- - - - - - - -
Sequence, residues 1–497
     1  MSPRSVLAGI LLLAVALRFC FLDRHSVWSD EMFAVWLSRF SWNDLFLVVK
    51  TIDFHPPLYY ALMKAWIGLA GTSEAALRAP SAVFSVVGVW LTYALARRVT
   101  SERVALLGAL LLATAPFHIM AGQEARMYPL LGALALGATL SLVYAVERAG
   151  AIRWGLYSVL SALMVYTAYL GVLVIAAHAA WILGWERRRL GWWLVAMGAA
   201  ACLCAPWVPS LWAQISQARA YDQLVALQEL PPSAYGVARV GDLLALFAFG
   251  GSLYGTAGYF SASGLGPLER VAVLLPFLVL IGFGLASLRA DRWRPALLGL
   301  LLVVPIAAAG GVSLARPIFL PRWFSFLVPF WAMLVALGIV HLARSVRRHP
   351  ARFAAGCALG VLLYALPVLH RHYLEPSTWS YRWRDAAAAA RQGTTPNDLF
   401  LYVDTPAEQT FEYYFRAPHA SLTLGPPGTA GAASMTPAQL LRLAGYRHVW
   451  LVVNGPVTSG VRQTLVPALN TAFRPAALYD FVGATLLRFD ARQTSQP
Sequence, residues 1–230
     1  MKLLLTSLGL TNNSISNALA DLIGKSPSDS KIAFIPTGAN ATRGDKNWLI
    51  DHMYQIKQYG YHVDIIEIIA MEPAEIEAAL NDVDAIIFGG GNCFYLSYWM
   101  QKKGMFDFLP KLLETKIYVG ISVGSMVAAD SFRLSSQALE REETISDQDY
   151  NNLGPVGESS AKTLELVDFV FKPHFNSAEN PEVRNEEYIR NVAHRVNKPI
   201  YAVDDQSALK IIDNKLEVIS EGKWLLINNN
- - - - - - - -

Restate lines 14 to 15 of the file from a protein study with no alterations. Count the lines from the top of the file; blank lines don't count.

    51  DHMYQIKQYG YHVDIIEIIA MEPAEIEAAL NDVDAIIFGG GNCFYLSYWM
   101  QKKGMFDFLP KLLETKIYVG ISVGSMVAAD SFRLSSQALE REETISDQDY